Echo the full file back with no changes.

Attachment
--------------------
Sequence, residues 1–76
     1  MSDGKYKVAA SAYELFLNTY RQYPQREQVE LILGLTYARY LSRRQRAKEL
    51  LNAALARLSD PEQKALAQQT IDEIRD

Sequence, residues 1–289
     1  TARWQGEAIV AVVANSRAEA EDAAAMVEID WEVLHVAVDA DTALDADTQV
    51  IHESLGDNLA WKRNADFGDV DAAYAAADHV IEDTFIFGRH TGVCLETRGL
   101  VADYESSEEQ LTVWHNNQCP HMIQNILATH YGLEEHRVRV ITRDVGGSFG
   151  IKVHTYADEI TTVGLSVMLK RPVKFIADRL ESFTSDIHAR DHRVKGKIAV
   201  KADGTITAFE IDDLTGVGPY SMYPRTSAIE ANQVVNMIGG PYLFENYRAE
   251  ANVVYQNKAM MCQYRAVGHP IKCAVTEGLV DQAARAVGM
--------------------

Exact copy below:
Sequence, residues 1–76
     1  MSDGKYKVAA SAYELFLNTY RQYPQREQVE LILGLTYARY LSRRQRAKEL
    51  LNAALARLSD PEQKALAQQT IDEIRD

Sequence, residues 1–289
     1  TARWQGEAIV AVVANSRAEA EDAAAMVEID WEVLHVAVDA DTALDADTQV
    51  IHESLGDNLA WKRNADFGDV DAAYAAADHV IEDTFIFGRH TGVCLETRGL
   101  VADYESSEEQ LTVWHNNQCP HMIQNILATH YGLEEHRVRV ITRDVGGSFG
   151  IKVHTYADEI TTVGLSVMLK RPVKFIADRL ESFTSDIHAR DHRVKGKIAV
   201  KADGTITAFE IDDLTGVGPY SMYPRTSAIE ANQVVNMIGG PYLFENYRAE
   251  ANVVYQNKAM MCQYRAVGHP IKCAVTEGLV DQAARAVGM